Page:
Without the correct signage, private and public landowners can be liable for any injury that occurs on their property (via mysecuritysign.com).
“Premises liability” means that a public or private landowner may be held liable for injuries that occur on his/her property, especially if these injuries are “foreseeable.” This includes cases where a minor (or underage person) was invited onto the property, but it can also apply in areas that are tempting for skateboarders but lack signage forbidding skateboarding. For this reason, property owners are sometimes concerned when they see skateboarders on their land – so fear of liability explains why an outburst of ordinances has emerged to help property owners to feel more secure in their responsibilities.
Despite emerging laws and regulations, there’s an upside for all the skaters out there! Public areas designated for skateboarding – like municipally funded skate parks – reduce the number of accidents and the number of liability cases. According to the city attorney for Tulare, California, as long as the rules are clearly posted at the skate park, and the “right ordinance is on the books,” they are no longer liable in case of injury, leaving it in the hands of the police to enforce the city’s rules.
Skateboard area
Marked out spaces such as skate parks can reduce skateboarding hazards on private property (via mysecuritysign.com).
In an effort to channel its skateboarders into a single area, Bradenton, FL recently constructed a skate park that’s now considered one of the best in the country. Councilman Bemis Smith remarked that the skate park is meant “to stimulate activity.” He also said that this skate park sees more activity than many other parks in the country. It is in a town’s best interest to create selected spaces for skateboarders to skate in so that they are no longer a danger to private property.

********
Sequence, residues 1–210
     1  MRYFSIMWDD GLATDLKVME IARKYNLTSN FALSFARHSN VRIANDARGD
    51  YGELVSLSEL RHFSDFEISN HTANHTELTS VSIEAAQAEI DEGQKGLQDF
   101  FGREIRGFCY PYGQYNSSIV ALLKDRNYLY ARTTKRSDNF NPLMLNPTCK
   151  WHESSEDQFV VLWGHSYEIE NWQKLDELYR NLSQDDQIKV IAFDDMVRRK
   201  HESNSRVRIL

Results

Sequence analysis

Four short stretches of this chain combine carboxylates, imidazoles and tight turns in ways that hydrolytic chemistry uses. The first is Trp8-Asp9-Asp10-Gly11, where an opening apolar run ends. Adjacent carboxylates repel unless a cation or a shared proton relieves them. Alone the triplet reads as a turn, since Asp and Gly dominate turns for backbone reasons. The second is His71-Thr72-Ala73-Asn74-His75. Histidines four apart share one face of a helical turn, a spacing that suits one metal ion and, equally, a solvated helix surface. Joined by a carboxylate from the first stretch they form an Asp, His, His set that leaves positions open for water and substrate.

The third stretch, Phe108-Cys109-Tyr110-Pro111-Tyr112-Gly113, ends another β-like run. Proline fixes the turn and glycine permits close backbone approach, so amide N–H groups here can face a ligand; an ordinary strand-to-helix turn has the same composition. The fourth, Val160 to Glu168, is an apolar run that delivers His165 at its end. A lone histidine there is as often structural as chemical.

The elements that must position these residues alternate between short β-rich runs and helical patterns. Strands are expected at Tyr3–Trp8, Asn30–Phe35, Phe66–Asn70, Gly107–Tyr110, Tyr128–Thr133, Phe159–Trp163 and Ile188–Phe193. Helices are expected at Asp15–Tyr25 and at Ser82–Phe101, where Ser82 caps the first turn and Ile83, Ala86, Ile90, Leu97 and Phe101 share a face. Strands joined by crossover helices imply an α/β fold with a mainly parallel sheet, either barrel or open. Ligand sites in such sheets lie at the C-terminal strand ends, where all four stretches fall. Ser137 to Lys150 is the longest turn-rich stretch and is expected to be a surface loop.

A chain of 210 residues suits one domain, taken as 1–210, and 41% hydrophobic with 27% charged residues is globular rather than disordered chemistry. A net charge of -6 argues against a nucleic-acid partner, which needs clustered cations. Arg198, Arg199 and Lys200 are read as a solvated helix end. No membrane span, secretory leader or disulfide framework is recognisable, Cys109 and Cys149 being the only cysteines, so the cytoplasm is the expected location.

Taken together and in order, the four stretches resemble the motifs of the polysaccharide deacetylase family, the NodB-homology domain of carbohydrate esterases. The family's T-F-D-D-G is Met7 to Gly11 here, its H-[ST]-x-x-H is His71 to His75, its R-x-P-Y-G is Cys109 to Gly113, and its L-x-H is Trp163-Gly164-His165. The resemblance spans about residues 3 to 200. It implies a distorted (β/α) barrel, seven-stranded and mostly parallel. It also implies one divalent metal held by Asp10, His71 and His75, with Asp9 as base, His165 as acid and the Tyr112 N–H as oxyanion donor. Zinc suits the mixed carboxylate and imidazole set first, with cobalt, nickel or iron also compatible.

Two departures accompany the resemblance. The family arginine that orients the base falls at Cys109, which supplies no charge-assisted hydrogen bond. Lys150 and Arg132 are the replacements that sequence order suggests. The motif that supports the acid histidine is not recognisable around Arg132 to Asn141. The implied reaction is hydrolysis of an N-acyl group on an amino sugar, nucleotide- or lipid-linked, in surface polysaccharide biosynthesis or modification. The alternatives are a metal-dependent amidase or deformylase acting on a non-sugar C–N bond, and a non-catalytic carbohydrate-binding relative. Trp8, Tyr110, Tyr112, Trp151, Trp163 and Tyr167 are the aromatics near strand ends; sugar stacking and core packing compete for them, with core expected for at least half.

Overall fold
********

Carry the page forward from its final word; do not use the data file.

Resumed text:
Skate park
Skate parks are being constructed across America such as this one in Ocean City, MD (Image used under Creative Commons via google.com).
Meanwhile, in Alaska, numerous skateboarding facilities provide area residents and visitors with a safe environment for practicing tricks on ramps and obstacles designed for both beginners and advanced skateboarders. Most Alaska state parks are public facilities managed by the parks and recreation department in the municipality where they are located.
Like many other skate park initiatives, LAUNCH: Community Through Skateboarding is a Fort Collins, Colorado nonprofit devoted to empowering individuals to better themselves and the community through skateboarding. The organization creates spaces where people of all ages can enjoy the sport in a safe and clean environment. Through community building projects such as LAUNCH, designated places are being developed for skateboarders to enjoy their sport away from private property and cars.
With the right signage and the right initiatives, skateboarding can still thrive as a social good. Skateboarders can increasingly gather together in skate parks without risk of damaging property or being a hazard to others.
Please consult your local laws to find out how signs affect your responsibilities.